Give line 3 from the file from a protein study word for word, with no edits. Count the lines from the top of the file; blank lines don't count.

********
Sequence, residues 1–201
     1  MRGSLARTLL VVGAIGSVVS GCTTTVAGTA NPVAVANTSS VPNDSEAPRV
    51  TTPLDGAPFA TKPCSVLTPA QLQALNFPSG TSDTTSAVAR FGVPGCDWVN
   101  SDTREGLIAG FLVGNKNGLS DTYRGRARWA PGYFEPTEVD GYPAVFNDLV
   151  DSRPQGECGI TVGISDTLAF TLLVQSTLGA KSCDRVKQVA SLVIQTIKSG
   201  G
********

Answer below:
    51  TTPLDGAPFA TKPCSVLTPA QLQALNFPSG TSDTTSAVAR FGVPGCDWVN